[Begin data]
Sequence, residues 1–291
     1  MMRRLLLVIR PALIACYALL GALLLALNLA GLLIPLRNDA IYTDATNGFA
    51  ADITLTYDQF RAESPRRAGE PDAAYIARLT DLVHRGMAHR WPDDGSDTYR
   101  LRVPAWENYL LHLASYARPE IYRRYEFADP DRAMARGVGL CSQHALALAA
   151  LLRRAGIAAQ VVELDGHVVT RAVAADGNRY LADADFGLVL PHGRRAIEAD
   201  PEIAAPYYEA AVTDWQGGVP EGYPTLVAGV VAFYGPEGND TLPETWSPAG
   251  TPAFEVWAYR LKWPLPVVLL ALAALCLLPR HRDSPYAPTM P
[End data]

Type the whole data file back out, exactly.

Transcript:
Sequence, residues 1–291
     1  MMRRLLLVIR PALIACYALL GALLLALNLA GLLIPLRNDA IYTDATNGFA
    51  ADITLTYDQF RAESPRRAGE PDAAYIARLT DLVHRGMAHR WPDDGSDTYR
   101  LRVPAWENYL LHLASYARPE IYRRYEFADP DRAMARGVGL CSQHALALAA
   151  LLRRAGIAAQ VVELDGHVVT RAVAADGNRY LADADFGLVL PHGRRAIEAD
   201  PEIAAPYYEA AVTDWQGGVP EGYPTLVAGV VAFYGPEGND TLPETWSPAG
   251  TPAFEVWAYR LKWPLPVVLL ALAALCLLPR HRDSPYAPTM P